Gunmen Murder 15 People In Yemeni Senior Home

The four attackers told a guard they were visiting their mother.

ADEN, March 4 (Reuters) - Gunmen attacked an old people's home in the Yemeni port of Aden on Friday, killing at least 15 people, including four Christian nuns from India, local officials and medical sources said.

The four attackers told a guard they were on a visit to their mother, then stormed into the home and opened fire with rifles, an official said. As well as the nuns, the dead included two Yemeni women staff, eight elderly residents and a guard.

The motive of the gunmen was not immediately known. They fled after the attack, the official said.

"These terrorist acts have continued and have touched the innocent, the peaceful, the unarmed and religious figures," the state news agency Saba said, quoting a source in the Aden office of President Abd-Rabbu Mansour Hadi.

Their aim was to "create chaos," it added.

The bodies of the dead were taken to a clinic supported by Medecins Sans Frontieres, medical sources said.

Yemen's embattled government has been forced out of the capital Sanaa by Iran-allied Houthi rebels and is now based in Aden but struggles to impose its authority even there.

Once a cosmopolitan city home to thriving Hindu and Christian communities, Aden has gone from being one of the world's busiest ports as a hub of the British empire to a backwater and then in recent months to a conflict zone.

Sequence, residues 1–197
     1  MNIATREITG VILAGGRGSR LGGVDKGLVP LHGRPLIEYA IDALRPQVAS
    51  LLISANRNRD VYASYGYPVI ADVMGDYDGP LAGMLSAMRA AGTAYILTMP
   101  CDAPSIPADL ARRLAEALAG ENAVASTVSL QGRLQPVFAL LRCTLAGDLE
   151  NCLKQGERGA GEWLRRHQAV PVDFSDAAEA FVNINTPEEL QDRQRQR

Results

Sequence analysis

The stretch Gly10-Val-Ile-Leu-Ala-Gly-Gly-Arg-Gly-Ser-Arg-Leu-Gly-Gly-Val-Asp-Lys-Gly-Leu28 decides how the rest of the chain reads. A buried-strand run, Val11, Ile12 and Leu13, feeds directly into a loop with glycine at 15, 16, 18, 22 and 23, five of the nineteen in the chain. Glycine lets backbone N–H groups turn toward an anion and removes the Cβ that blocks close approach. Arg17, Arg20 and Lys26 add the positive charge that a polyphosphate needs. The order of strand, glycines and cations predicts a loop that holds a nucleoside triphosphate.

Aden's small Christian population left long ago. Unknown assailants have in the past vandalized a Christian cemetery and last year blew up an abandoned Catholic church.

A Saudi-led coalition of Arab states began a military campaign a year ago to prevent the Houthis from taking complete control of Yemen.

The United Nations High Commissioner for Human Rights says at least 3,081 civilians have been killed in the conflict and 5,733 injured since then.

It said on Friday 168 civilians had been killed during February alone and 193 injured, around two-thirds of them by Saudi coalition air strikes.

(Reporting by Mohammed Mukhashaf; additional reporting by Mohammed Ghobari in Cairo; writing by Maha El Dahan; editing by Andrew Roche)



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